The Armor of God: Being Strong Against Satan
“Why are you called a Christian?” (Heidelberg Catechism, Q&A 32). We are because we bear the name of Jesus Christ (Acts 11:26; 1 Pet. 4:16). Not only does this name mark us out positively as followers of Jesus Christ, but also it marks us out negatively—as targets for Satan’s flaming arrows. Do you realize you are at war, Christian? Wake up! Your enemy is at the gate! Arise; prepare for battle! Your manual for battle is found in Ephesians 6 and Paul’s description of “the armor of God.” It’s this manual on spiritual warfare that we’ll become familiar with in the coming articles. Let’s focus now on verse 10 and the necessity of being strong against Satan.
“Be strong in the Lord and in the strength of his might.” What kind of verbs are “be strong” here in verse 10 and later in the text: “put on” (v. 11), “take up” (v. 13), and “stand” (vv. 11, 13, 14)? These are imperatives. That means that they call us to do something. You are called to “be strong” and “fight against sin and the devil in this life” (Heidelberg Catechism, Q&A 32).
This idea that we are called to be strong in warfare against sin and Satan is illustrated wonderfully from church history. From the early records we have, they had a practice in which the person being baptized or the parents who brought their children for baptism not only pronounced their faith—“I believe in God the Father Almighty . . . I believe in Jesus Christ . . . I believe in the Holy Spirit”—but they would also renounce the devil. They were asked, “Do you renounce the devil and his works,” to which they were to reply, “I renounce.” In 1561 Zürich’s main pastor, Heinrich Bullinger, prepared to die by writing his last will and testament in the form of what came to be known as the Second Helvetic Confession. In it he said by baptism we have become “soldiers enlisted for the holy warfare of Christ, that all our life long we should fight against the world, Satan, and our own flesh” (art. 20.4).This call is impressed upon us in the post-baptismal prayer where we pray the baptized will “manfully fight against and overcome sin, the devil, and his whole dominion.”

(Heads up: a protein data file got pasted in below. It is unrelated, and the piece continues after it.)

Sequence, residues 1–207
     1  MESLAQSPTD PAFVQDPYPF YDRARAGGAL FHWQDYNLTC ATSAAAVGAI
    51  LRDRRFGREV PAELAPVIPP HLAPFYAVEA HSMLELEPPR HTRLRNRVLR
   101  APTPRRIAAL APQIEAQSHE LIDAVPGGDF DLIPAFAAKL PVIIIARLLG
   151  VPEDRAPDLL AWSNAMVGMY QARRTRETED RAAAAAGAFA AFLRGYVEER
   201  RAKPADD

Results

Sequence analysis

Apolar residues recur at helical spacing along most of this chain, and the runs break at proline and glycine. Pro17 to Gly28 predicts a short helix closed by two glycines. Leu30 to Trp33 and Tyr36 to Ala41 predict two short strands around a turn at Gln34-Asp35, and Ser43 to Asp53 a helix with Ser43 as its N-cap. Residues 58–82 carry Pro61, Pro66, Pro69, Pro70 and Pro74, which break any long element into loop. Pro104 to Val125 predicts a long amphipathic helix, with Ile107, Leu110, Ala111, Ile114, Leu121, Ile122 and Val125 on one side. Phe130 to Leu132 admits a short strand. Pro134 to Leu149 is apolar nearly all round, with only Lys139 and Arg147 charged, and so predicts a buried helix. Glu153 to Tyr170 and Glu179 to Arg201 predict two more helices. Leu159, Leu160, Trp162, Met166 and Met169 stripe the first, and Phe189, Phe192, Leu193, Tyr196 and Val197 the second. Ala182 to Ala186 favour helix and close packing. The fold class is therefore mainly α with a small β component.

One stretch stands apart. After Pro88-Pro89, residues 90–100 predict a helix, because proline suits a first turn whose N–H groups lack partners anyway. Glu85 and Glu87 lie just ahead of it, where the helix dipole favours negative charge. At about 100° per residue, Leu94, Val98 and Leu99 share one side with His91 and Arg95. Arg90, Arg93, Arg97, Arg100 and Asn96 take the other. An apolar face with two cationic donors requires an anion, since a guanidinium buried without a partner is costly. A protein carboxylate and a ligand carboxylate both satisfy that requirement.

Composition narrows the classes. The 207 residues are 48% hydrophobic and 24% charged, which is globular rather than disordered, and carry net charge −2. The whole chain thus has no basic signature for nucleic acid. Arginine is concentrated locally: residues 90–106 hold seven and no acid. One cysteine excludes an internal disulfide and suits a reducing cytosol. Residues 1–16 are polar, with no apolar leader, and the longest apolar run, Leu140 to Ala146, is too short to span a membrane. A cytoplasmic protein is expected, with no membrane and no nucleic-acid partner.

To “be strong” takes spiritual courage in the face of a formidable foe. You are called to stand opposite on the field of battle against Satan. He is the “prince of the power of the air” (Eph. 2:2)—a vast army of fallen, selfish, and wicked demons. He is like a “roaring lion” (1 Pet. 5:8)—strong, powerful, and fierce. He is “a great red dragon” (Rev. 12:3) whose desire is to devour you, his enemy. And although he disguises himself as an “angel of light” (2 Cor. 11:14), you know before whom you stand. Do not be deceived or lulled to sleep.
Be strong, O church! Have the courage of Abraham and his 318 trained men, who sought and fought four great kings to rescue Lot (Gen. 14). Have the courage of Joshua, who took up arms against the armies of the nations. Have the courage of David, who, though being young and ill equipped, stood against Goliath in the name of the Lord and defeated him. Have courage against your knowing “we do not wrestle against flesh and blood, but against the rulers and, against the authorities, against the cosmic powers over this darkness, against the spiritual forces of evil in the heavenly places” (Eph. 6:12).